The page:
I remember the day I brought my first Del record*, "Sleeping On My Couch" b/w "Ahonetwo, Ahonetwo". I was already curious from seeing/hearing his name associated with Ice Cube (EX: his radio listener call-in at the end of Cube's "Turn Off The Radio"). Beyond the Ice Cube association, there were a few other attractions to the record; It was produced by DJ Pooh, one of my favorite producers. It was on Elektra Records, who had one of the all-time best rosters at the time, so their records were usually a sure shot. Plus the cover art was interesting, leading me to feel that if some thought went into the art, then that probably extended to the music.
Of course, none of those really guarantee a good record, but that was the case anyway. When Del dropped "I Wish My Brother George Was Here", I picked it up right away and gave it lots of play. However, what was more impressive was the constant flux of new material on the following singles. Remixes & B-sides that introduced his crew and showcased his significantly growing skill level, particularly leading up to what is possibly his greatest lyrical achievement, "Eye Examination".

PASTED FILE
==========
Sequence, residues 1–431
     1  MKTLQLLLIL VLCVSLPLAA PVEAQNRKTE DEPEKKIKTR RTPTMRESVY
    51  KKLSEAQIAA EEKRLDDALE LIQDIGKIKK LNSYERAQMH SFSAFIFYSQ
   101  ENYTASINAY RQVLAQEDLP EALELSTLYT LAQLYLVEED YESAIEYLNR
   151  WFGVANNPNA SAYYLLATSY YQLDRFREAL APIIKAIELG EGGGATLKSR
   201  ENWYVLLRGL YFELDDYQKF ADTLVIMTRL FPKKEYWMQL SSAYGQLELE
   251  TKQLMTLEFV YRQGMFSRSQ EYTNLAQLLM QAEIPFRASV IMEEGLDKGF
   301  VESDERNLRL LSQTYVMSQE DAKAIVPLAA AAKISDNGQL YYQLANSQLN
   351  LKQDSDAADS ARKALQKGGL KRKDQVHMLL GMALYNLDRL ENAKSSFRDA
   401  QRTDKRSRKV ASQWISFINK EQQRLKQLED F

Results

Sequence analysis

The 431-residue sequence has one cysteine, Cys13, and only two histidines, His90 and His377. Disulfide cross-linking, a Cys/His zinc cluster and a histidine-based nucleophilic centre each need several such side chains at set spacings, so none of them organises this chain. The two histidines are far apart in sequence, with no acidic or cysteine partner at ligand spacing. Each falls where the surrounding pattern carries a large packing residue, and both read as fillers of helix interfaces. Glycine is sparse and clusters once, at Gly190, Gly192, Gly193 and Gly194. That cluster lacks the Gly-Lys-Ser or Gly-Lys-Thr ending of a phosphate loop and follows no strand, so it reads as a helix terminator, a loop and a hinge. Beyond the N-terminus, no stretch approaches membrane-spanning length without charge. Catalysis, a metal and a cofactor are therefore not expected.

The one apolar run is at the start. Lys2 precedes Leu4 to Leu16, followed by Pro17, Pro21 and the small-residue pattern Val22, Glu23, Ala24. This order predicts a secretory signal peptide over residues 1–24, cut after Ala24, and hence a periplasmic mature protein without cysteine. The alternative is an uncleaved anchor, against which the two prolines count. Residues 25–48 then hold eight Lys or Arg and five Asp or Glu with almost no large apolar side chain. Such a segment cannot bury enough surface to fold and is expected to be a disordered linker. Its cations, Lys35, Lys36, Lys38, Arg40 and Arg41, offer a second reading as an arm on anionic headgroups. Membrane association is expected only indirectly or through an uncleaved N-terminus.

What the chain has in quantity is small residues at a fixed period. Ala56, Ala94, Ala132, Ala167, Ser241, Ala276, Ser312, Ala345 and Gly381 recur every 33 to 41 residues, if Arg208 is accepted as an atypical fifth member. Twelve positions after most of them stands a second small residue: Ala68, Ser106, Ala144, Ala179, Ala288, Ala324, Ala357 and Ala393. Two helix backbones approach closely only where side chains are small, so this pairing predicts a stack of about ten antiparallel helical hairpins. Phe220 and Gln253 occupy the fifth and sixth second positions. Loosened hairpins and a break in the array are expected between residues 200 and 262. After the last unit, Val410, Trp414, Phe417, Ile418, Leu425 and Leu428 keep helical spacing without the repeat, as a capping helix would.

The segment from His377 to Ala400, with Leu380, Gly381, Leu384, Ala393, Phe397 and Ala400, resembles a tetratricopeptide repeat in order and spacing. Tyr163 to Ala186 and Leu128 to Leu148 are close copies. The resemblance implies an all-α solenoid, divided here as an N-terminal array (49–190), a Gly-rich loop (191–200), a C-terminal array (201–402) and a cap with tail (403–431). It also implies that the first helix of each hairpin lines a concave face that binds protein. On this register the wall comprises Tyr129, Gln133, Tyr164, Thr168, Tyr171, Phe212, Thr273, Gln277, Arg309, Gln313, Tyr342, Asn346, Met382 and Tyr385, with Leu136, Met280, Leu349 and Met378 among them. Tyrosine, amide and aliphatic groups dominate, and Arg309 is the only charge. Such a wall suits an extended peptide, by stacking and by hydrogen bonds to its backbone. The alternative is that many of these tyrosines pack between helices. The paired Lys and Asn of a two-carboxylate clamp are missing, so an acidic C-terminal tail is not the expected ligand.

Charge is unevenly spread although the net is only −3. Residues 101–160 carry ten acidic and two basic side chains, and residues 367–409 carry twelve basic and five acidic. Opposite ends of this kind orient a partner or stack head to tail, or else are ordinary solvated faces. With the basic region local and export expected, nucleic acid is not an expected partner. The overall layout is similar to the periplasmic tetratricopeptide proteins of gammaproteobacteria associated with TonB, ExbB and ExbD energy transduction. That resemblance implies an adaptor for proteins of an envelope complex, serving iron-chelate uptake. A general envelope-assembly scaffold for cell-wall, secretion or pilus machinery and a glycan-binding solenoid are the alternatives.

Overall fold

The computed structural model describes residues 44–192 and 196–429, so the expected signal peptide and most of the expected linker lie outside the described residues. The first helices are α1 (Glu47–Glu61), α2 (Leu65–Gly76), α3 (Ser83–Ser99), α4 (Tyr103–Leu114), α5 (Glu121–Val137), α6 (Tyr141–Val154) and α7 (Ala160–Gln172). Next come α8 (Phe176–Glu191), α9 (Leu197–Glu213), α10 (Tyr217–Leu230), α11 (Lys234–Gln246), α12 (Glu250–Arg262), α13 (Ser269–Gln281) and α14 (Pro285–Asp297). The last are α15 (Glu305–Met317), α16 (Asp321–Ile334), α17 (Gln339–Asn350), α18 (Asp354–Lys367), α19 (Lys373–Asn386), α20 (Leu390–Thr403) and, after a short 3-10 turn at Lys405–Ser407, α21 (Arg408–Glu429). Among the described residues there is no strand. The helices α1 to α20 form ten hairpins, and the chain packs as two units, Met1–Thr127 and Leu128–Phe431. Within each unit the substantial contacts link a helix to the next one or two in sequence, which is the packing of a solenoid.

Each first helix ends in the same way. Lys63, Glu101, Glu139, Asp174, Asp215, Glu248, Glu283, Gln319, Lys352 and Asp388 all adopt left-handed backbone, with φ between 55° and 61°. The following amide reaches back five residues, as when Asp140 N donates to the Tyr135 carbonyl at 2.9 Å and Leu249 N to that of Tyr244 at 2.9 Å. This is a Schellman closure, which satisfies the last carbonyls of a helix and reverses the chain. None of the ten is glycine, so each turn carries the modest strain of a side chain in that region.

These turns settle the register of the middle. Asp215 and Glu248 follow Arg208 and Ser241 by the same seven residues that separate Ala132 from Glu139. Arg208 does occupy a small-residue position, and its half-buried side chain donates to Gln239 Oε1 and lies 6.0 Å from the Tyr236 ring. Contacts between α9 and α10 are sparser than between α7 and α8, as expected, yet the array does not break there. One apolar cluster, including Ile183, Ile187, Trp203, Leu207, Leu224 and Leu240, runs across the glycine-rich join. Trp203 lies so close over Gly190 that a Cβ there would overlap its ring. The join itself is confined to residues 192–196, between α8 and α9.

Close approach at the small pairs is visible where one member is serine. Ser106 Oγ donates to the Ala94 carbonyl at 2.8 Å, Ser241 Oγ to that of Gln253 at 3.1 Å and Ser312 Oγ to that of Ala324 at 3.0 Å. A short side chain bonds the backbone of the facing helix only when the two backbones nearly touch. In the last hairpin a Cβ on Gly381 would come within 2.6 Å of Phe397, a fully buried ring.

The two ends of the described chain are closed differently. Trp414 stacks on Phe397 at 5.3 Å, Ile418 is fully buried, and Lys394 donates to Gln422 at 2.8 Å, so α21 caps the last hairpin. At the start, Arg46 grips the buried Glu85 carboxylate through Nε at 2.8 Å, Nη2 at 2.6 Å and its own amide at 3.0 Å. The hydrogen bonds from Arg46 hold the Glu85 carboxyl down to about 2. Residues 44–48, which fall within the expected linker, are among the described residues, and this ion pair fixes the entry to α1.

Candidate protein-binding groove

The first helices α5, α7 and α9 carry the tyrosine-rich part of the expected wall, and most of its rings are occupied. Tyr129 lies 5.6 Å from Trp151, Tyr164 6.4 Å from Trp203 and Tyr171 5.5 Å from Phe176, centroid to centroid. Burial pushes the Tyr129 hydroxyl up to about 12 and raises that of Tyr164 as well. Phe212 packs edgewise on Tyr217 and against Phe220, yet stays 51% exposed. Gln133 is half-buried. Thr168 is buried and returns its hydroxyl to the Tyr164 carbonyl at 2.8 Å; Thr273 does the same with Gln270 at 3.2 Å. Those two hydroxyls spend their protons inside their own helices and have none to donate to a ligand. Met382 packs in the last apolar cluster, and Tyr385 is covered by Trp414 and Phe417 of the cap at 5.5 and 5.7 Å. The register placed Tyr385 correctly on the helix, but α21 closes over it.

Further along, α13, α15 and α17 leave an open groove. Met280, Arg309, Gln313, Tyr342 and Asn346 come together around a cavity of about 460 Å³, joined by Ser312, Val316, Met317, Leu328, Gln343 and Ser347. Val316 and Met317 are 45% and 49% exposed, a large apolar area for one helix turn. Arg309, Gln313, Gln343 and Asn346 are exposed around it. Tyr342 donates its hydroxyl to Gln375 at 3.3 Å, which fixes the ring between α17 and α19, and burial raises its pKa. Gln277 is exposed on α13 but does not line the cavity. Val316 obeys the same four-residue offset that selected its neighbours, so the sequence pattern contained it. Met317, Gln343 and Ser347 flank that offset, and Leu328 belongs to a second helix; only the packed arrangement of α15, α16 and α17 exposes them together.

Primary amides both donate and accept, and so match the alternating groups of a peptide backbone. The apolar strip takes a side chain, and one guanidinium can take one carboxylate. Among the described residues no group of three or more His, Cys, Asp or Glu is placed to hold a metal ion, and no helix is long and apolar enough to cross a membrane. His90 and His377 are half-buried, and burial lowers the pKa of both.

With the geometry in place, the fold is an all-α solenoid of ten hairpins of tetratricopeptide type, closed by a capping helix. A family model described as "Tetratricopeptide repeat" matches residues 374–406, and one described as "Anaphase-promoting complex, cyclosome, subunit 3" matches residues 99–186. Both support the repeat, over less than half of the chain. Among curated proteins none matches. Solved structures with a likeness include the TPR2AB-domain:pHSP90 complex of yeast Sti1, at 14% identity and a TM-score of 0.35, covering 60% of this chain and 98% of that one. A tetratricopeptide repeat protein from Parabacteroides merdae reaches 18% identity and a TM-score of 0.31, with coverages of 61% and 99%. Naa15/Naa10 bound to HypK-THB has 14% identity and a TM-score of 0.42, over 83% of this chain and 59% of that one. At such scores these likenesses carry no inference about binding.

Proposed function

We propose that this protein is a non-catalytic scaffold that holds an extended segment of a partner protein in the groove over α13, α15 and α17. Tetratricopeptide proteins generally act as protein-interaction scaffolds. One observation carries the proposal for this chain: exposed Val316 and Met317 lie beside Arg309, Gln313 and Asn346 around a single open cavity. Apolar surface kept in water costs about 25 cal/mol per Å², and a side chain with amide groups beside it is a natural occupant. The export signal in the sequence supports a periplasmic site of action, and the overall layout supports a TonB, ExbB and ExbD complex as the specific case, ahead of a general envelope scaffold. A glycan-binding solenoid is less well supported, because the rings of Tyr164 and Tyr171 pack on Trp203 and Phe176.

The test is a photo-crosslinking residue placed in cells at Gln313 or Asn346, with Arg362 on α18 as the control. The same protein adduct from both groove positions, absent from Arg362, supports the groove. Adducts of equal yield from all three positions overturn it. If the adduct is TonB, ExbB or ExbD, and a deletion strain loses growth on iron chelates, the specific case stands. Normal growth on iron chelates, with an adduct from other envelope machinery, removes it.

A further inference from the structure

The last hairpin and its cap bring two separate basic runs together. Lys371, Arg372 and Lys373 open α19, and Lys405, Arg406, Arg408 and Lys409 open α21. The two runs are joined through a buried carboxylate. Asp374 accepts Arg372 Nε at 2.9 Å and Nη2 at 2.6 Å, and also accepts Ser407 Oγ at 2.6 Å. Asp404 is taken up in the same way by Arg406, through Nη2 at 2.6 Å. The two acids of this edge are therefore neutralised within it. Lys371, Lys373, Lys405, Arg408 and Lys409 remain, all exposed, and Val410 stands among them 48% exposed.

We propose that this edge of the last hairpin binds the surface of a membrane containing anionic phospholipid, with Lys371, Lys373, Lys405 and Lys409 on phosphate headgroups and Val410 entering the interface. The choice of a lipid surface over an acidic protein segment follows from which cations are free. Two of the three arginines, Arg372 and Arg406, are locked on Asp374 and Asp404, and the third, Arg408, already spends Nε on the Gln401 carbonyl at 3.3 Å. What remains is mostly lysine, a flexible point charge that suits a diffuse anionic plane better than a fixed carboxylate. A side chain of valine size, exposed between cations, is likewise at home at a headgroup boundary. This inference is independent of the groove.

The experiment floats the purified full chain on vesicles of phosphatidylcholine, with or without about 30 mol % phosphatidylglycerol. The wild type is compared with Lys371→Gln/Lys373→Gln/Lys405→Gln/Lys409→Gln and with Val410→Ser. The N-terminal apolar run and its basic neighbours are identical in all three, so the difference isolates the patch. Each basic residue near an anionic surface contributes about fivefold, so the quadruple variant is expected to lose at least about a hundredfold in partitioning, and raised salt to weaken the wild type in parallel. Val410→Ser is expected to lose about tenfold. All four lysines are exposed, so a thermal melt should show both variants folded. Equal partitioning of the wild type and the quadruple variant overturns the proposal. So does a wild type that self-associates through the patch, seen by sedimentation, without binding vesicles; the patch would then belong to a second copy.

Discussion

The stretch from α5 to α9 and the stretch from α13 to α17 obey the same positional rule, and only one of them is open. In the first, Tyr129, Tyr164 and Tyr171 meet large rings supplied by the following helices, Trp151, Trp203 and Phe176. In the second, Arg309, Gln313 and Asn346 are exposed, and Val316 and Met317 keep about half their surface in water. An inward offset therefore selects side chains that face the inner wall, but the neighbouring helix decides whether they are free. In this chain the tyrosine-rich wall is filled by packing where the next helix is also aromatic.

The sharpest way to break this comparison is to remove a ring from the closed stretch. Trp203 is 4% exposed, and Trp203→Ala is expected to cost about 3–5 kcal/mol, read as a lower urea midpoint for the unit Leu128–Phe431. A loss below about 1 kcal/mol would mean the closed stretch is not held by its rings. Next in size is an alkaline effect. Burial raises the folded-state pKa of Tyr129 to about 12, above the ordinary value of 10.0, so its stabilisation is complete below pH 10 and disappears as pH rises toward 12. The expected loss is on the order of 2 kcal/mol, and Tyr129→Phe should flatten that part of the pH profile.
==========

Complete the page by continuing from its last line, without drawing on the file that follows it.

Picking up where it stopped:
[audio:http://www.fifthelementonline.com/blog/wp-content/uploads/2011/07/03-del-eye-examination.mp3|titles=03 del - eye examination]
By the time he was preparing for his second album I was a full fledged fan and curious to what his growth would sound like. Around this same time I was just getting started in Hip Hop Journalism with Chicago Magazine, The Flypaper, run by Mic Shane and Raymond O'Neil (later of Blaze Magazine/Battle fame). Due to that, I was spending a lot of time at The Flypaper office which was also Mic and Raymond's spot. I was there for meetings about articles, hanging out, lengthy Hip Hop discussions/debates, and the occasional hanging out with "rap stars".